AND NOW, this 4th day of November, 2009, this Court having assumed plenary jurisdiction over this case by order dated April 7, 2009; and having specially appointed the Honorable William H. Platt, President Judge of the Court of Common Pleas of Lehigh County, to preside over a remand of this matter; and the Court having received and considered the Report and Recommendation of President Judge Platt, as well as the Exceptions of Respondents, the Petitioners' Reply to the Exceptions, and the Respondents' Reply to the Response of Petitioners, treated as a Sur-Reply, it is hereby ORDERED as follows:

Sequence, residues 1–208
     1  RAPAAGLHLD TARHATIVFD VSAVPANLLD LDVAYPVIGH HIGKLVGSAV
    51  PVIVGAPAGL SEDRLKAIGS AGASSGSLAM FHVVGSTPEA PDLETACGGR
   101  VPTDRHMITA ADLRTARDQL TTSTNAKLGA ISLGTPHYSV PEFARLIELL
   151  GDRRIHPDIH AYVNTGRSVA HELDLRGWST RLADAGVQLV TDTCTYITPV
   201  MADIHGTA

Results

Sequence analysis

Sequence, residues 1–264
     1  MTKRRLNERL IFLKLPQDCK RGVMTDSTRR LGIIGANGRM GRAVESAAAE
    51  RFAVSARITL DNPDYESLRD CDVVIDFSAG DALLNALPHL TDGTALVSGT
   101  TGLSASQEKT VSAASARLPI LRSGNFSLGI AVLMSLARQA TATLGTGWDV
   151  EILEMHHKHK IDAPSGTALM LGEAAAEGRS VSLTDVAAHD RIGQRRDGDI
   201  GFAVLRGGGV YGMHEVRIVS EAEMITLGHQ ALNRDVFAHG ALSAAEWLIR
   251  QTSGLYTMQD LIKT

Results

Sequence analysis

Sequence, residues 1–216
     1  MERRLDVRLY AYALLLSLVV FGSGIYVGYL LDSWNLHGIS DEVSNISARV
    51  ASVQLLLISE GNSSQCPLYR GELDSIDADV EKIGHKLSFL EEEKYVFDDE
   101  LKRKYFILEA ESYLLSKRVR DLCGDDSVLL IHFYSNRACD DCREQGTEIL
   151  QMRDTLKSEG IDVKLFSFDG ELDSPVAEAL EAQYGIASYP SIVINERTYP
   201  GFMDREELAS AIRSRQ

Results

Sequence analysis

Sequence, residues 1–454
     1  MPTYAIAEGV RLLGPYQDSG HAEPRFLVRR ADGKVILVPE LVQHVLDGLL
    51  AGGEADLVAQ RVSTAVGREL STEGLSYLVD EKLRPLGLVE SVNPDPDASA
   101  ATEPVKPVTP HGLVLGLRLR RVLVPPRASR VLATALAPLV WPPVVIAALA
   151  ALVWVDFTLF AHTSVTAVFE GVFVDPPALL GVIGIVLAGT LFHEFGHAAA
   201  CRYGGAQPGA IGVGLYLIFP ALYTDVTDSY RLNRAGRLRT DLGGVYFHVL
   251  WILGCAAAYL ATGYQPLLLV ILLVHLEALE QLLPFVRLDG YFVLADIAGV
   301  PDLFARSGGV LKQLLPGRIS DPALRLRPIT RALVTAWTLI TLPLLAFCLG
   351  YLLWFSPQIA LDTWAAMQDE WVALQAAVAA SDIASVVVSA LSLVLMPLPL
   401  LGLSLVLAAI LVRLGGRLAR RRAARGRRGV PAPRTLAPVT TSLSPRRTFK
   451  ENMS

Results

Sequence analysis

(1) Respondents request that we decline to adopt President Judge Platt's recommendation that Petitioners be granted a new trial. Respondents assert that we should "decline the recommendations contained in the Report that, admittedly or not, are grounded upon [Robert] Kulick's hearsay allegations and unsustainable on the evidence in the record[.]" Exceptions at 50. Kulick, a convicted felon, testified at the remand hearing before President Judge Platt. Respondents reference that portion of Kulick's testimony in which he reported that, while this case was pending before former Judge Mark A. Ciavarella for bench trial, former President Judge Michael T. Conahan made comments to convicted felon William D'Elia, which D'Elia related to Kulick, that Petitioners would prevail. Respondents assert that this testimony constituted inadmissible hearsay. Furthermore, Respondents assert that it is critical to resolve this hearsay issue because, without this portion of Kulick's testimony, President Judge Platt's recommendation that a new trial be granted lacks adequate record support. It is noted, however, that President Judge Platt explicitly stated that, even if he had found that those portions of Kulick's testimony were inadmissible hearsay, there was sufficient independent evidence of judicial impropriety concerning the assignment and trial of this case that his recommendation would have remained the same. See Report at 29 n.8.